U.S. President Joe Biden has decided that cracking down on open-source AI software development is a good idea.
An executive order released at the tail end of October by the Biden administration said that the objective is to establish industry standards for artificial intelligence and guarantee the protection of individuals, government entities, and businesses.
Some have seen this as an effort to limit open-source AI and lock it up in the hands of a few large companies using closed, proprietary development paradigms; hence, they would control the whole industry.
The executive order has been criticized for being vague and overly wordy, which has led to confusion. However, based on what is known, some influential figures in the industry are worried about the potential impact on innovation and the formation of monopolies.
Critics argue that this executive order hamstrings smaller businesses, and startups won’t afford the resources needed to compete or comply.
The government has appointed the National Telecommunications and Information Administration (NTIA) to propose measures to limit open-source AI by July 2024, although it has not yet made a final decision.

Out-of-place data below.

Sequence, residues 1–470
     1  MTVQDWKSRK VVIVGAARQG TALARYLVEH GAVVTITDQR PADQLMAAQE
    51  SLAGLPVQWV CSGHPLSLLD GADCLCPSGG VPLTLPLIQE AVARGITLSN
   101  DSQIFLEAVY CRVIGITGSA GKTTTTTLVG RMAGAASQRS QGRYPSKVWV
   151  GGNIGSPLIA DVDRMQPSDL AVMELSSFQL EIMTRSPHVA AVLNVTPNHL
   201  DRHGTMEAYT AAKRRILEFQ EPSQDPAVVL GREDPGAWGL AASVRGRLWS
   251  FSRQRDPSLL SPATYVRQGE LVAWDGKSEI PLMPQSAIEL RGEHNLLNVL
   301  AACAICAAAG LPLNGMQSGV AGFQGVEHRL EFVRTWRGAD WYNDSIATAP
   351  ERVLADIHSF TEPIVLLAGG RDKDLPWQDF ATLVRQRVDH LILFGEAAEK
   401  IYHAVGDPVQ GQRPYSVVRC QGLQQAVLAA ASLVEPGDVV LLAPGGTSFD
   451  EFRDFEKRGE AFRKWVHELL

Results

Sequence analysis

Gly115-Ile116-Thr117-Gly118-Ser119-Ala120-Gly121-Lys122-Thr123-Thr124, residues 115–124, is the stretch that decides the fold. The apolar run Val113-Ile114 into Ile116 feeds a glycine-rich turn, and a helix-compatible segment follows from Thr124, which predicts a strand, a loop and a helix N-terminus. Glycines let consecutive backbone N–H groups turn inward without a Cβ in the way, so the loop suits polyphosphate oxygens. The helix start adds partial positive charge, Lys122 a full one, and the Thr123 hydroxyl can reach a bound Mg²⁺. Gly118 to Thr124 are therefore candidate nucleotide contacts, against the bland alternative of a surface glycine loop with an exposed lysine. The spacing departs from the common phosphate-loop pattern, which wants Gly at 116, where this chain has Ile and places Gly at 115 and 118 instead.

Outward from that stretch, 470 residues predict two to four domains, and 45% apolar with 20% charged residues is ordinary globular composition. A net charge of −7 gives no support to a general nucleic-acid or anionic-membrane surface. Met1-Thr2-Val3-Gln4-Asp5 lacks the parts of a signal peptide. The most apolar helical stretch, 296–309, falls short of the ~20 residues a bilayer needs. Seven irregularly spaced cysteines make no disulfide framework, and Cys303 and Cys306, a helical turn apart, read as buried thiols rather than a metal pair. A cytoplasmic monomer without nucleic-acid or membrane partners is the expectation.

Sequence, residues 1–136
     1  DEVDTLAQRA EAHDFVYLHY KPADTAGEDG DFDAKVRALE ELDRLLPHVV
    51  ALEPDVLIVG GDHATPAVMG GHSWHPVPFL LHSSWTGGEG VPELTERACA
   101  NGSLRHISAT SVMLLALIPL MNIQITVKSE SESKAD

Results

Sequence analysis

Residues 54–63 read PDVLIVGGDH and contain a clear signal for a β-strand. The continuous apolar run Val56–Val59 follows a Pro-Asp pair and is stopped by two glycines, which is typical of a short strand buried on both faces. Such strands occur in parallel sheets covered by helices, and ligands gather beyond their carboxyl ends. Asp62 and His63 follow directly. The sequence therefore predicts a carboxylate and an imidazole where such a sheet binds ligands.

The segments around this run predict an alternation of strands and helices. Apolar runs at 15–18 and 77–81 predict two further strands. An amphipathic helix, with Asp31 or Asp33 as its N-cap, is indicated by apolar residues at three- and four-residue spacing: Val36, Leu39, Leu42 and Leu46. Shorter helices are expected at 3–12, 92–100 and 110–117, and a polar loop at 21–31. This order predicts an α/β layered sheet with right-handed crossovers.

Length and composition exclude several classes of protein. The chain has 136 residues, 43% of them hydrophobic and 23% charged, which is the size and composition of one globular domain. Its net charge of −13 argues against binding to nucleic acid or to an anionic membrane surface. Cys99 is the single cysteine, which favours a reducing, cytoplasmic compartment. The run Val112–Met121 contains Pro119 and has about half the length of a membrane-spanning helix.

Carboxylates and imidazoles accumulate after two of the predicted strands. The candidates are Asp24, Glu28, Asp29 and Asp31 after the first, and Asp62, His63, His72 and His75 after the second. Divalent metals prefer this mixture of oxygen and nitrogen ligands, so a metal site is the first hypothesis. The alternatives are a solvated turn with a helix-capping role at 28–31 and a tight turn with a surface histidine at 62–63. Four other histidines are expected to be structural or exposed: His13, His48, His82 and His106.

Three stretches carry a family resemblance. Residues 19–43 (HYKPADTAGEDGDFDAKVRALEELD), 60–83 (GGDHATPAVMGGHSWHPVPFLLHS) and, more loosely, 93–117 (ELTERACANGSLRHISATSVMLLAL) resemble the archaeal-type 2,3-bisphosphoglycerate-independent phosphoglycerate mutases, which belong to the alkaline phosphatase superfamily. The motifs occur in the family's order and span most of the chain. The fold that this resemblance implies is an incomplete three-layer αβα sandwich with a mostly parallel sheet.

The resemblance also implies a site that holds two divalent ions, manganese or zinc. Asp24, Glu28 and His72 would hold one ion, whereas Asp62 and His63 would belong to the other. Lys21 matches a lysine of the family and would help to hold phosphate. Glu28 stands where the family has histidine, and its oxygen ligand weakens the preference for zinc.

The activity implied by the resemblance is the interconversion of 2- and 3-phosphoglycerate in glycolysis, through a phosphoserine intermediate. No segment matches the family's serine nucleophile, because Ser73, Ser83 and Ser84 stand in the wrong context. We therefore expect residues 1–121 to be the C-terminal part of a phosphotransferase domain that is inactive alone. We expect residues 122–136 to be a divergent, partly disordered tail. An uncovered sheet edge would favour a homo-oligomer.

Opponents of the order are right to be concerned that Big Tech and the government, its “symbiotic partner,” would reap the benefits if the suggestions come to fruition. Modern AI initiatives, like the ironically called OpenAI and others like it at Google and Microsoft, are very closed off and probably not keen on competition.
With this executive order, the president hopes to show that the US, already a global AI research and development leader, will also be a regulatory frontrunner in this rapidly evolving field. Although the order primarily focuses on security and safety requirements, it also includes measures to promote US artificial intelligence research and development, such as funding incentives for international students and researchers to study at US universities.
Limiting China’s progress is another part of his policy, which Biden admitted to being aware of. For example, he brought up the recently strengthened rules that limit Beijing’s access to the most potent computer processors required to create colossal language models—the massive amounts of data used to train AI systems.
Microsoft, Google, OpenAI, and Anthropic—two more AI start-ups—met with the Biden administration in May, and three more businesses voluntarily pledged to do security and safety testing on their systems in July.